BORIS Johnson’s Brexit metaphor of the election was not the oven-ready pie being paraded in Derby or even the crate of milk being delivered at dawn in West Yorkshire but the digger knocking through a Styrofoam wall branded with the word “gridlock” in Staffordshire.

And, of course, it was the Conservative leader bulldozing his way through Labour’s “red wall” from the Midlands to northern England on the back of his core campaign message that was the story of the election, securing him his robust Commons majority to begin the process of getting Brexit done.

It was interesting to see in the final few days of the campaign as the polls narrowed sharply that nerves began to jangle at Tory HQ.

The Prime Minister and his colleagues hurriedly issued warnings against complacency; that the blue surge might not happen; that just as with Theresa May in 2017 Labour’s campaign momentum would peak just at the right moment, delivering humiliation to the incumbent.

But the wake-up call worked; if, indeed, it was ever needed. A Commons majority of 78, much bigger than the pundits had predicted, means Mr Johnson can now look over the horizon to 2020 with relish.

After the exit poll pointed to an even healthier 86-seat majority for the Tories, doubts that it could be anywhere near so high were quickly banished when the result in the Labour heartland of Blyth Valley dropped; the seat in the former mining community had fallen to the Tories’ Ian Levy by 712 votes.

But this was the first of many upsets as brick by brick Labour’s red wall was dismantled.

Seats like Bassetlaw, Great Grimsby and Dudley North all saw double-digit swings away from Labour to the Tories while other heartland seats like Leigh near Manchester as well as Wakefield and Don Valley in Yorkshire, represented by Labour for decades, fell to the blue Brexit surge.

As did Rother Valley, which had been represented by a Labour as far back as 1918.

But there was more humiliation for Jeremy Corbyn and his hard Left adherents. Bolsover, represented for 49 years by its very own “beast,” Dennis Skinner, and West Bromwich East, until recently the seat of Tom Watson, now ex of the Labour Party, fell.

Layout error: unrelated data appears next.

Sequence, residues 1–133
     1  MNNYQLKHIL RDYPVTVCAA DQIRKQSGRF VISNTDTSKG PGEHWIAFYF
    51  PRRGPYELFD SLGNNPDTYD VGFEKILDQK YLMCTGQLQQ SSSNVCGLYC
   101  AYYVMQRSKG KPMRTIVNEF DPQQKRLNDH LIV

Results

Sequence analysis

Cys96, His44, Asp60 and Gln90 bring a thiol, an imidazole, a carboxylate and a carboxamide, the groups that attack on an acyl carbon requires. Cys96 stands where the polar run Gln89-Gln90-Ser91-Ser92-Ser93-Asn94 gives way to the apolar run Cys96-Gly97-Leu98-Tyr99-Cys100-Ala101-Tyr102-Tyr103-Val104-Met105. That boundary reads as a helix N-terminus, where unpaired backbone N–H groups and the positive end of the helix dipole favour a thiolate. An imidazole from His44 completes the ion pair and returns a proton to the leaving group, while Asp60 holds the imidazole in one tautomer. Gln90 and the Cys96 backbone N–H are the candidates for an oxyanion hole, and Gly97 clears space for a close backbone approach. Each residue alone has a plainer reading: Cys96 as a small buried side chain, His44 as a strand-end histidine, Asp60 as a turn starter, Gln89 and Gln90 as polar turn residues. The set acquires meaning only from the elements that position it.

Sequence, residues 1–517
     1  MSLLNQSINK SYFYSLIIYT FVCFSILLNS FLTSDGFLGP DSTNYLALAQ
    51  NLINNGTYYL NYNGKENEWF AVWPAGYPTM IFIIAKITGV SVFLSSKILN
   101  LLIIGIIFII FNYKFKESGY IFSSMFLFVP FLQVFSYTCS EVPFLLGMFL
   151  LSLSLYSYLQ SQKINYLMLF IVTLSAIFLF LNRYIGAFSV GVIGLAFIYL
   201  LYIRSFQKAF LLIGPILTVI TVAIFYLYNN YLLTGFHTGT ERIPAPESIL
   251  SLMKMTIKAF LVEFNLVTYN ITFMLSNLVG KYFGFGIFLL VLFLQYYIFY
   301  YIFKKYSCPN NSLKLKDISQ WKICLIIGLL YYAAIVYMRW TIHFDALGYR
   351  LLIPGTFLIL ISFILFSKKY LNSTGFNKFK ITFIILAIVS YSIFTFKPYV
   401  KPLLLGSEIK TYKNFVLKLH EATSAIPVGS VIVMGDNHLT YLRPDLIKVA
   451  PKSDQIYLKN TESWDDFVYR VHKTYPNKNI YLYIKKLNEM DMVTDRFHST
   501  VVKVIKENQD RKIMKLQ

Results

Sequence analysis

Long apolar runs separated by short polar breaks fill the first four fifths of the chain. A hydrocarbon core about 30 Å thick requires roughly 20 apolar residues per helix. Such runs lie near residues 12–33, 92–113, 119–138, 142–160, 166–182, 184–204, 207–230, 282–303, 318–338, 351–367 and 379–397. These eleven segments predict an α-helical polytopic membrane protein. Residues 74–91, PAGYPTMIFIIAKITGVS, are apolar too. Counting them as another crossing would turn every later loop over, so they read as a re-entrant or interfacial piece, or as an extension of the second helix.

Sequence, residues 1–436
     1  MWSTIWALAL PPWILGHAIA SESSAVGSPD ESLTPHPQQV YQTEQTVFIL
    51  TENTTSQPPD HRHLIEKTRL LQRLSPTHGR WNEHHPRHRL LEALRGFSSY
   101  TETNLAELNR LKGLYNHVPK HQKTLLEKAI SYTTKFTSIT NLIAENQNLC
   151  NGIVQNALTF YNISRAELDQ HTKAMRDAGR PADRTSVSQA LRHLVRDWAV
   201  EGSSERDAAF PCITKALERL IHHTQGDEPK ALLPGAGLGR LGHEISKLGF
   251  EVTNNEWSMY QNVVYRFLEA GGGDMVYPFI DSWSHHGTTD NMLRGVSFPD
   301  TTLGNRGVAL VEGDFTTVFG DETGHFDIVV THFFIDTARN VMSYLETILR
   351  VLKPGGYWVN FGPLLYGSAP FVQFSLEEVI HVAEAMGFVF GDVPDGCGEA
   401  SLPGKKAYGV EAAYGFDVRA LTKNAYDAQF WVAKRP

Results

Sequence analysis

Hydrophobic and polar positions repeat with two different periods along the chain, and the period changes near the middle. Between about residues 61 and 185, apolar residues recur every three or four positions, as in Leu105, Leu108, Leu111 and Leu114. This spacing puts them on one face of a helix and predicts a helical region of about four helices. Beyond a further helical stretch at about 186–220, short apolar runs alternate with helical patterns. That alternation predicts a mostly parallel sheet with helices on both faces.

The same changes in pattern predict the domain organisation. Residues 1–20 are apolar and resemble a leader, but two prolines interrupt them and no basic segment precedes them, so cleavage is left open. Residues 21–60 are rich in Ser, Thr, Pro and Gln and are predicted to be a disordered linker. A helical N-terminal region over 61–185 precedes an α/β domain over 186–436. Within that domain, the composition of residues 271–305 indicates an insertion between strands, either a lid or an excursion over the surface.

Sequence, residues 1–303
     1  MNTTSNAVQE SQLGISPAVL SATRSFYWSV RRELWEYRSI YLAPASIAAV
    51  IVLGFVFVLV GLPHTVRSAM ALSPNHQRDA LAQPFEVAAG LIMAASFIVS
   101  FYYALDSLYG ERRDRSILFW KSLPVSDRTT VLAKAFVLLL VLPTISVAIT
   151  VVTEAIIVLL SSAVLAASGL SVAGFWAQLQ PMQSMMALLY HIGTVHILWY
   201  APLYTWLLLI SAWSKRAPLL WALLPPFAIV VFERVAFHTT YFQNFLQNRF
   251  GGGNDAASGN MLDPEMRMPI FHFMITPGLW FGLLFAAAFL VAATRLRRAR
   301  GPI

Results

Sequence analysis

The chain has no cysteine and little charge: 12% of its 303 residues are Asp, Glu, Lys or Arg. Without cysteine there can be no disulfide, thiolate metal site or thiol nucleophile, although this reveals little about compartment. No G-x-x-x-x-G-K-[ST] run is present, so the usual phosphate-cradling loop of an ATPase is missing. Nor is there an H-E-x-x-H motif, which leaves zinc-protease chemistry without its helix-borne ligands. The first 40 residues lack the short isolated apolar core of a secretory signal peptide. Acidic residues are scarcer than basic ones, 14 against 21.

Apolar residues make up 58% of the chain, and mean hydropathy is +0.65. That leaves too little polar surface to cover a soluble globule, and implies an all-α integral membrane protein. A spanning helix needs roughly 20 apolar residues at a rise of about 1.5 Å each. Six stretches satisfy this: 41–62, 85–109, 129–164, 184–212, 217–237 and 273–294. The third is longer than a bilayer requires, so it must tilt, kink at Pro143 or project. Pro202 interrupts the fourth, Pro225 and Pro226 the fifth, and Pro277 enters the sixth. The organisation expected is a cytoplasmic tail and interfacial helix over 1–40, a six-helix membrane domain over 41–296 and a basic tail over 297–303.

And perhaps even more symbolic was the seat of former premier and three-time Labour election winner Tony Blair, Sedgefield, succumbing to the Tories with a 4,513 majority.

Alan Johnson, the former Home Secretary, told ITV News Labour's huge losses were down to a "culture of betrayal" against the working class community.

"I don't live in London, I live in Yorkshire, a working class community. Corbyn was a disaster on the doorstep. Everyone knew that he couldn't lead the working class out of a paper bag," declared the former Hull MP.

After the result emerged Michael Gove, the critic-turned-cheerleader for Mr Johnson, sought to cheerfully underscore the Tories’ achievement by noting how "both the Durham Miner's Gala and the Notting Hill Carnival will take place in seats held by Conservatives".

Of course, with all those northern working class seats Mr Johnson has a new responsibility; indeed, the once liberal Conservative Party under David Cameron has become something different: a blue-collar Conservative Party with a strong northern England accent.

Indeed, in both his dawn rally speech and his victory address from outside No 10, the Tory leader acknowledged this.

He said: “In this moment of national resolution I want to speak directly to those who made it possible and to all those who voted for us, for the first time, all those whose pencils may have wavered over the ballot and who heard the voices of their parents and their grandparents whispering anxiously in their ears.

“I say thank you for the trust you have placed in us and in me and we will work round the clock to repay your trust and to deliver on your priorities with a parliament that works for you.”

After the result of the 2016 EU referendum, which took Westminster by surprise, Dominic Cummings, the PM’s chief aide, suggested the same ignorance by the denizens of SW1 was on display.

Characteristically frank, he noted: "After the shock of the referendum MPs and journalists should have taken a deep breath and had a lot of self-reflection of why they misunderstood what was going on in the country.

“But instead a lot of people just doubled down on their own ideas and f****d it up even more. That's why something like this happens against expectations.”